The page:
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First COVID-19 Death Reported in South Sudan 

FILE - A doctor of International Medical Corps is disinfected at the isolation ward of Ministry of Health Infectious Disease Unit in Juba, South Sudan, April 24, 2020.
FILE - A doctor of International Medical Corps is disinfected at the isolation ward of Ministry of Health Infectious Disease Unit in Juba, South Sudan, April 24, 2020.

South Sudan health officials announced the country’s first death from COVID-19 on Friday, with a top health official describing the deceased as a 51-year old "high-profile South Sudanese."

The deceased arrived at a military hospital in Juba on Wednesday evening in critical condition, according to health ministry undersecretary Dr. Makur Matur Koriom, who is also a member of South Sudan’s High-Level Taskforce for COVID-19.

“While arrangements were being made for referral to Dr. John Garang Infectious Disease Center, the victim sadly succumbed to his illness and the results came out today confirming the cause of death to be respiratory failure due to COVID-19 infection,” Matur told VOA’s South Sudan in Focus.

Victim a military official?

There are reports that the COVID-19 victim is a senior South Sudanese military official, although South Sudan army spokesperson Brigadier General Lul Ruai Koang told VOA he has not heard of a military officer or commander dying from COVID-19.

The deceased is among 28 new COVID-19 cases the task force announced Thursday night. Twenty-seven of the 28 cases are South Sudanese; the other is a Kenyan, Matur said.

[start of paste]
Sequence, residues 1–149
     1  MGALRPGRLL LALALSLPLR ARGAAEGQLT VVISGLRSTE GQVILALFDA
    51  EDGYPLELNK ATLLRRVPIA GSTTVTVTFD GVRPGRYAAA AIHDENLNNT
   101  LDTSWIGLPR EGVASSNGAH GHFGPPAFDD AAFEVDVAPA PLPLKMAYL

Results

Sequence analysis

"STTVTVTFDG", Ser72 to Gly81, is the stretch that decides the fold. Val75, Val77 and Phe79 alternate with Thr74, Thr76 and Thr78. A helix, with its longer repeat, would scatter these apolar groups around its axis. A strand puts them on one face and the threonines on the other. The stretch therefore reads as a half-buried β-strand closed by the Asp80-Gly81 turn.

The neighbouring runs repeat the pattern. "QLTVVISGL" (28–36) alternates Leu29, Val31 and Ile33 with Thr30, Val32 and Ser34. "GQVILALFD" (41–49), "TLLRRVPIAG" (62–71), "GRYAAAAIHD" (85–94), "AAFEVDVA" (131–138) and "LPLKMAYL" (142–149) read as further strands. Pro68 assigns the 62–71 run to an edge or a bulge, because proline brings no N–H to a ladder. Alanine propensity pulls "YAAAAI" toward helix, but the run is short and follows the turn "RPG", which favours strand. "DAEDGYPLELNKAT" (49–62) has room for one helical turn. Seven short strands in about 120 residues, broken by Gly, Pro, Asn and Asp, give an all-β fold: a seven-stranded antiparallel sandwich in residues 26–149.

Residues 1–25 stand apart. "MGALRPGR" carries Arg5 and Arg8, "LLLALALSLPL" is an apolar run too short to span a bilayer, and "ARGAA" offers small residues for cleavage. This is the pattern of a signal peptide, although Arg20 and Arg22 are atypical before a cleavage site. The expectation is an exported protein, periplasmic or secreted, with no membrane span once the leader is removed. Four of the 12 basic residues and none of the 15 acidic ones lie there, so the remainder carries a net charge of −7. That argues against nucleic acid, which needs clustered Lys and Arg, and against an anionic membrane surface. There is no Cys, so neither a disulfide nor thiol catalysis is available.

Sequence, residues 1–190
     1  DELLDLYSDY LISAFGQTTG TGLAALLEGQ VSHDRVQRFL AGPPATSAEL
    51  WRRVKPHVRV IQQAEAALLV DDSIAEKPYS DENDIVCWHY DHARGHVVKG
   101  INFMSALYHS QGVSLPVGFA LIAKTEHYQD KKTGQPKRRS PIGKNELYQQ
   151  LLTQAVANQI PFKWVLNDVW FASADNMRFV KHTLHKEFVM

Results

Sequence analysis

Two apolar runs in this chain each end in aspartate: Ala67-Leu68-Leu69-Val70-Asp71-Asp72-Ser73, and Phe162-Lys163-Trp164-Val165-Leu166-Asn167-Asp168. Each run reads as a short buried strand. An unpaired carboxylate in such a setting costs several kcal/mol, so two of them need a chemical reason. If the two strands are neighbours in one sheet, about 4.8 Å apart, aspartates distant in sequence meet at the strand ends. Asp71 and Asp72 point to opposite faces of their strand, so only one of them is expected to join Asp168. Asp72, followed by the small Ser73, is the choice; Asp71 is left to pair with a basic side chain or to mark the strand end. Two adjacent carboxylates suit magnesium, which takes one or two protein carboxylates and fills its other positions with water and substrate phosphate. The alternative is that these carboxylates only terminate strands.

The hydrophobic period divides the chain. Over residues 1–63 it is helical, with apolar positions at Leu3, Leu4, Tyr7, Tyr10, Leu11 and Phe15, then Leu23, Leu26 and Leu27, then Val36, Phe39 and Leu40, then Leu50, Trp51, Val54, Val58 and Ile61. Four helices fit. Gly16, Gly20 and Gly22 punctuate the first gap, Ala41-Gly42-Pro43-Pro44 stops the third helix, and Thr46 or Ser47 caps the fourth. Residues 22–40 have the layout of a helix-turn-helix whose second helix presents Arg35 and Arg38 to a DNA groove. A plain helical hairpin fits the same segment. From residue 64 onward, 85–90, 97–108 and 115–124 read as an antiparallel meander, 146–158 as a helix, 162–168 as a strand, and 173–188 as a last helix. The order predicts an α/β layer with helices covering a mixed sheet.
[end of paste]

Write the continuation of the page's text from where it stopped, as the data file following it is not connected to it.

Two of the new cases were in contact with a known COVID-19 patient, 20 were identified from random screenings in Juba, and the remaining six cases were tested in Juba following alerts from members of the public, Matur said.

The health ministry undersecretary urged citizens to immediately report suspected cases to health officials so they can get tested.

“It’s important because almost all the suspects we have at the moment in the [isolation] facility, including the dead, arrived at the facility late, due to delay[s] at home or they were managed in private facilities for some times before they were sent to our health facilities in critical condition,” Matur said.

Almost 4,000 samples wait to be tested

As of Thursday evening, 3,986 samples at Juba’s public health laboratory needed to be tested for coronavirus. Contact tracing for 465 people who came into contact with COVID-19 patients was underway according to health officials.

Health ministry spokesperson Doctor Thuou Loi said officials suspect there are many more unconfirmed COVID-19 cases in communities across the country.

“By simple calculation when we know one case we say that there are another 2.5 we don’t know outside there,” Loi said.

He said the public should continue practicing social distancing, wearing masks in public, and following other preventative measures outlined by the World Health Organization (WHO) and the health ministry.

“All of us in the Republic of South Sudan are at risk, and we don’t know now who has it and who does not have it, and the only way to do that is for us to consistently implement what the health experts are telling us: keep social distancing, hands hygiene, no handshaking,” Loi told VOA.

WHO and health ministry officials said last week that despite a rising number of confirmed cases in South Sudan, some COVID-19 patients refused to cooperate with health workers involved with contact tracing.